If you can combine good stalking skills as well, then you will be assured of getting something for tea, again, making this an acceptable weapon for hunting.
The catapults overall range and power are the only things that limit them over the conventional air rifle that I would use for hunting rabbit.
I do own a gas fired rifle with suppressor which is reasonably quite and certainly gives a longer distance and more power, but it can be cumbersome sometimes and from a prepping point of view, what happens when it breaks or the gas runs out or the pellets dry up..?
My trusty crossbow would be my next 'go to' hunting weapon, but again, it has temperamental moving parts that can break and the smaller bolts I fire get easily lost and would eventually run out.
Therefore, knowing that you have the backup of a good catapult makes so much prepper logic.!
Hunting Europe's Biggest Pest
Procuring food and SHTF go hand in hand.
So does hunting rabbit, which are now Europe's biggest un-culled pest for landowner and farmers, constitute good food for eating?
Of course they do and there's lot of recipes for rabbit.
As well as good eating, landowners are always looking for skilled fields men to help eradicate these pesky destroyers.
So being able to actually go out and practice your skills should be an easy task for most preppers.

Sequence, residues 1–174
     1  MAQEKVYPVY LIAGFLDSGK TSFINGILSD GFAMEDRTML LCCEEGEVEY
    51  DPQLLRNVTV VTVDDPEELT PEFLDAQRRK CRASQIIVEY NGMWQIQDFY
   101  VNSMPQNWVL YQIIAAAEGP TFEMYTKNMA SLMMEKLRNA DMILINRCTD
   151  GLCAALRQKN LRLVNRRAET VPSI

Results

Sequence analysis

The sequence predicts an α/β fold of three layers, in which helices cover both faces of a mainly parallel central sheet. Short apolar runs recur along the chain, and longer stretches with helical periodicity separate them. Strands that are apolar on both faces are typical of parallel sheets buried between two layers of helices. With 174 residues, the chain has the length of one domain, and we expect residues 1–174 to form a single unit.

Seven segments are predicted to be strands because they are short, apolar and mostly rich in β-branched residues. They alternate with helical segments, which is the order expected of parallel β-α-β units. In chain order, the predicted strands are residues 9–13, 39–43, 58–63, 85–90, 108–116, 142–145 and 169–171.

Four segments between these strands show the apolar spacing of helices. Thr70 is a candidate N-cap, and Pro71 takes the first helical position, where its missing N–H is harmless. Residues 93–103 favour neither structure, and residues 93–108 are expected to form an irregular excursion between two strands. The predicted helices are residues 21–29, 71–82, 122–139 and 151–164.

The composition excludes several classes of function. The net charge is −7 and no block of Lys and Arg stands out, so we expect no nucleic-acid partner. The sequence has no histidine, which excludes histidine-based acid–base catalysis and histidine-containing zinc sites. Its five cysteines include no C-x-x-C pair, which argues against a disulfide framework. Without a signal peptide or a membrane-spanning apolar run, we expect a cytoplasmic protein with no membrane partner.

But learn about your prey first. Times of day that are best to hunt them. Do a bit of recon and try to find their warrens and food runs.
All this makes for successful hunting.
Your next move is learning how to 'field dress' the rabbit, skin and butcher, and prepare for cooking over an open fire.
Basic bushcraft and prepping skills that must be learned and practised.
If you intend to hunt using a catapult, then make use of this new bushcraft skill you have.!
Once you've bagged a few rabbits and got them to the table, you will soon realise how tasty a really fresh rabbit actually is.
Not only that, it will save you money to spend on other prepping equipment and supplies.
Below is a high powered 'compound' hunting catapult designed to fire both ball bearings and arrows.
This is high tec hunting catapult also has the option of adding a laser sight...!
Overall, this is one mean bit of kit, obviously in a different league to your basic catapult and designed for greater accuracy and performance, with the addition of the spring assist your looking at speeds of nearly 300 feet per second. .
This catapult brings silent hunting with a catapult into a different realm entirely, the body has been designed with an arrow rest support that comes with the catapult therefore allowing you to also fire conventional arrows.
The lower handle has a 20mm rail that will accept a red dot or torch as well – a very nice touch for a catapult.
I have the Mk1 version, shown below I definitely recommend it.
This latest version high powered 'compound' hunting catapult this is very powerful catapult indeed.
You also have an option of adding a laser sight or torch to the rail mount at the base of the handle.
If you have a good catapult set-up that gives you higher speeds, it will also mean you can be that bit further away from your prey, you can still be accurate and have a powerful kill shot.
If you find a good place to lay up and wait, with a more powerful catapult, you have extra flexibility to go for near or further prey as well.
A nice feature for hunting at dusk is a laser red dot sight - the rail is perfect for this (shown above)
Choice Of Ammo